2000, 312 pages
In Kitchen Confidential, Anthony Bourdain takes the reader through his career in the restaurant industry, from his days as a dishwasher to running his own kitchen in New York City. I finished this one a couple of weeks ago and never quite got around to reviewing it, so this is going to be a short review since it's not as fresh in my memory anymore...
Writing and making television, no matter what some whining dipshits may tell you, is easy. Cooking is hard. Any author who gripes about the "pressures" of celebrity, the "difficulty" of being "on" all the time, or the travails of "the road" has clearly never worked a busy grill station. (p307)Bourdain's writing is really entertaining, and his adventures in the food industry are very interesting to read about. The foodie in me loved reading about the inner workings of a restaurant, and I loved reading about different aspects of working as the kitchen as Bourdain moves of the ladder from lowly dishwasher to, eventually, having his own kitchen. Sometimes I was a little disoriented because the book isn't always told in chronological order, and towards the end it felt like the book was rambling a little rather than coming to closure, but overall it was a very enjoyable read. I'd recommend this book for Bourdain's entertaining writing and for the behind the scenes look at what it's like to work in a restaurant. Here's an excerpt from one of my favorite sections of the book, when Bourdain works for "Bigfoot" at a restaurant in New York:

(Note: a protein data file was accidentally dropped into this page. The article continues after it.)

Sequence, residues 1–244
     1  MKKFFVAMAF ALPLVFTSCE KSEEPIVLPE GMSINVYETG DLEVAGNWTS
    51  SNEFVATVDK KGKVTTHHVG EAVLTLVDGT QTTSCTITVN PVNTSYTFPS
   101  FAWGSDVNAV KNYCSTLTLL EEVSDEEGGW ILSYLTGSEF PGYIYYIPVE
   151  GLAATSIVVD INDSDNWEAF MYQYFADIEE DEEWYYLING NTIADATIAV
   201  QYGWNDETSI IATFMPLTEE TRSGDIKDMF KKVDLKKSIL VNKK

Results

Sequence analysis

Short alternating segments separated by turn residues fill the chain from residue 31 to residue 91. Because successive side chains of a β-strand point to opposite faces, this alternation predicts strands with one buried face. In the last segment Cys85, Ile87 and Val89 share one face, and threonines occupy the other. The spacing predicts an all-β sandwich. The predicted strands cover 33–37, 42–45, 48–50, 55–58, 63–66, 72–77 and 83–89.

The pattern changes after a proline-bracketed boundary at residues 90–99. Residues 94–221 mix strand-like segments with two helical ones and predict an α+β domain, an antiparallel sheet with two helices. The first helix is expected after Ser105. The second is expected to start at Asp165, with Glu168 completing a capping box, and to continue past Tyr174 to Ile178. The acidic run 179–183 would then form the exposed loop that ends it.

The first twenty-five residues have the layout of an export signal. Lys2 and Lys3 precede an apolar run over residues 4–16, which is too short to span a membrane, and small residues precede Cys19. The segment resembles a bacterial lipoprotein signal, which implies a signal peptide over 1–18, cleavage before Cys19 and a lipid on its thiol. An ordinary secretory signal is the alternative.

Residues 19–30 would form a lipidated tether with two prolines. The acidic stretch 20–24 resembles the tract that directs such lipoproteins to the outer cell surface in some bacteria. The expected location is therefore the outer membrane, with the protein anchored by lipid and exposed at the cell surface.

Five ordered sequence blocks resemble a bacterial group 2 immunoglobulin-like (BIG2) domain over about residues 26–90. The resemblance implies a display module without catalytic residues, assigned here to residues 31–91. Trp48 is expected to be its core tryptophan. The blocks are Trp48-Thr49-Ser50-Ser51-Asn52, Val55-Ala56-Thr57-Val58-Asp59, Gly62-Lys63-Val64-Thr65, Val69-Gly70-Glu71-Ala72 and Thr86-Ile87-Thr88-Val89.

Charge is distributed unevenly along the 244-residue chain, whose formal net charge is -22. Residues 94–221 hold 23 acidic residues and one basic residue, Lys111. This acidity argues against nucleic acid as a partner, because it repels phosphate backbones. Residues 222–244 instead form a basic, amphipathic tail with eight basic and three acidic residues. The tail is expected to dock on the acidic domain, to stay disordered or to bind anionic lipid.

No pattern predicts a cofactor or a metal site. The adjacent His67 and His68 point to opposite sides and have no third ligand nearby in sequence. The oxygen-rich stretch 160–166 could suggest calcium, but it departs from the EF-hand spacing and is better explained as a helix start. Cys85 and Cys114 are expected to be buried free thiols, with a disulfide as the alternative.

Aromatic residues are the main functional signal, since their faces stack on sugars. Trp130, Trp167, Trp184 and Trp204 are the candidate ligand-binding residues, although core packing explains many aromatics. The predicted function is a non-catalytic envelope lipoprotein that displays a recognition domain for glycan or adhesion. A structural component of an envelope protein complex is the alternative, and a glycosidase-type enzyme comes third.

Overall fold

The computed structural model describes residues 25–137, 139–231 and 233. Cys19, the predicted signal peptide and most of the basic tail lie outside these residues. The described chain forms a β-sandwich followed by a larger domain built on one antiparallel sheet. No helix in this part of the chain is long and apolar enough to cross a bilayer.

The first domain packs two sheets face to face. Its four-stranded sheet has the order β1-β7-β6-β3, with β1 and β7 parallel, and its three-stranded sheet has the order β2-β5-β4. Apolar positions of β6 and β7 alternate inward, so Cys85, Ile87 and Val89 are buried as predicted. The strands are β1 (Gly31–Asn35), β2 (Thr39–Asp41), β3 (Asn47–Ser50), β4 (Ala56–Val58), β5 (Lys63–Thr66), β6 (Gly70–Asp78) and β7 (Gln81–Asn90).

Bigfoot understood--as I came to understand--that character is far more important than skills or employment history. And he recognized character--good and bad--brilliantly. He understood, and taught me, that a guy who shows up every day on time, never calls in sick an does what he said he was going to do is less likely to fuck you in the end than a guy who has an incredible resume but is less than reliable about arrival time. Skills can be taught. Character you either have or don't have. (p96)As a side note, not long after finishing this, some friends and I went out to a nice dinner in Boston's North End, and I definitely had this book in the back of my mind... as I read the menu I remembered Bourdain's statements, such as chicken is on the menu for people who don't know what they want, vegetarians are the enemy of everything good and decent, etc., and I was definitely thinking about what might be going on in the kitchen during our meal.